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Thursday, August 18, 2011

Our Other, Other Mother

"Gosh, Amanda, how many moms do you have?!" I can imagine people (non-adopted) thinking when I talk about all the moms in my life.  I have something like five moms, really.  I have a first mom, an adoptive mom, a mother-in-law, a foster mom, and my paternal aunt, who has become like a mother-figure to me on my paternal side, which I like, because I will never meet the man who fathered me.  Of course, when people ask about "my mom" as most people mean when they say "mom," I answer about only two: my first and my adoptive.  When it comes to adoption, we're all accustomed to the "what do your a-parents think?!" whenever an adoption topic comes up but interestingly enough, few people have ever asked me what my mother-in-law thinks.

When I was first searching, reuniting, and meeting my first mom, my mother-in-law did not really say a whole lot about it or ask me very many questions.  I never really wondered why until someone volunteered that she may have her own challenges to overcome with my reunion because I have children with her son.  Now the grandchildren are not only "shared" between two grandmothers, but three.  Will this mean less time and fewer holidays spent with her because there are more grandmothers/grandparents to visit?

The only response to this suggestion I had to was to let out a heavy sigh.

So many people's feelings to worry about, so many people to please, where is this mythical, legendary "triad" or "triangle" people reference that suggests one single adoption only impacts and involves three parties?

When your son marries an adopted woman, I suppose adoption impacts your life too.  As I increasingly grow more aware of just how many people in several families that just one adoption can impact, I can't go into "make everything wonderful for everyone" mode.  This is my life; this is how it is.  What is best for me and my kids, and yes, even better for my husband too (not saying it is best for anyone or everyone else) is for us to have all of my families in our lives.  It may be difficult for others and even hard for them to understand but I just have to trust that they will support what is best for me because that is what being family is all about.  So, no more worrying about it.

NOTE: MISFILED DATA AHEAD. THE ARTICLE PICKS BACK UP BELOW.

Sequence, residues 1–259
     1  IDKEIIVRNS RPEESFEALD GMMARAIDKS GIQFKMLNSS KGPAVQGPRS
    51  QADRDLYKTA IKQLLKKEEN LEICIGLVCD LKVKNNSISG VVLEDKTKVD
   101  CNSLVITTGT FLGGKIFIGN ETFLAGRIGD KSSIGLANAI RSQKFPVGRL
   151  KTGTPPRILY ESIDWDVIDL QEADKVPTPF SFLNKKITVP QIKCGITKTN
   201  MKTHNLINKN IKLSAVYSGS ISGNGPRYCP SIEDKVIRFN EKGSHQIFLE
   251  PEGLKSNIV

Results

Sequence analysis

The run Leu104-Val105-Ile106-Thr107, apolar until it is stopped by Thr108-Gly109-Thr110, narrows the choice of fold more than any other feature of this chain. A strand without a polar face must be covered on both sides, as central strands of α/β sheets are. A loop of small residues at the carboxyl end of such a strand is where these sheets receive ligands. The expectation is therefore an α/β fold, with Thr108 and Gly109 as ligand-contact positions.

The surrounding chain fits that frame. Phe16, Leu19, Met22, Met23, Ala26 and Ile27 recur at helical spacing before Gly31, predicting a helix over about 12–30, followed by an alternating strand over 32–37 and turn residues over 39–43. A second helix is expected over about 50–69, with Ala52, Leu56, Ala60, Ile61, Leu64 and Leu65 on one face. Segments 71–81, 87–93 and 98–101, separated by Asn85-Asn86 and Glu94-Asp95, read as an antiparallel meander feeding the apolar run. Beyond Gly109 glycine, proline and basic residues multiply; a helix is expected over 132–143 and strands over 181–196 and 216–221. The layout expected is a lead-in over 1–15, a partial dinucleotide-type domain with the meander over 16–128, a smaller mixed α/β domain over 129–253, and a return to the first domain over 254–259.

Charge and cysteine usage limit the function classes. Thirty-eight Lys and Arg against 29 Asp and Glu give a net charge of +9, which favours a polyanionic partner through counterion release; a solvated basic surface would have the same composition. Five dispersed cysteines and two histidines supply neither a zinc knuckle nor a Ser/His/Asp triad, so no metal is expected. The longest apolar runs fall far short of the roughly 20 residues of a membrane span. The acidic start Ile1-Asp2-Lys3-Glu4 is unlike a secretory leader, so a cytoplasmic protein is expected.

What has your mother-in-law said/thought about your adoption/reunion?


  1. I bet you get tired of people asking how your adoptive Mother feels? My husband used to ask me all the time to think about how my daughter's adoptive Mother feels and sometimes I just wanted to scream what about how I feel? Or how does my daughter feel? We matter too.

  2. Exactly!!!!!

    And I am an adoptee who is married to an adoptee. If he sought and found his biological relatives, well then... wow, their will be so many mom's and dad's. ;)

  3. Oh the complications of adoption and subsequent reunion...ironically, my mother-in-law is more supportive of my reunion than my Mom and yet both remain clueless about the complexities of adoption...if that makes any sense...

  4. Too funny, Amanda! We adoptees do share certain traits - I just posted a comment similar to your feelings over on FMF. Who's my mother? Who am I????

  5. My first had spent time in the care of others as a child, been abused and we had a very special bond, she was another mother, best one I ever had.The second never mentioned it and the third was sniffy about a bastard producing a bastard!A mixed bag which never bothered me or affected anything I did.

  6. This post was very interesting to me. I wonder what my MIL would think if/when I look into reunion... My MIL works for the Canadian equivalent of CFS. She provides admin support for social workers handling fostering and adoption situations every day. I think her view of first mothers is skewed by her work. So I really wonder what she'll think of my first mother, if I ever find her. Hmmm... thanks, as always, for the food for thought.


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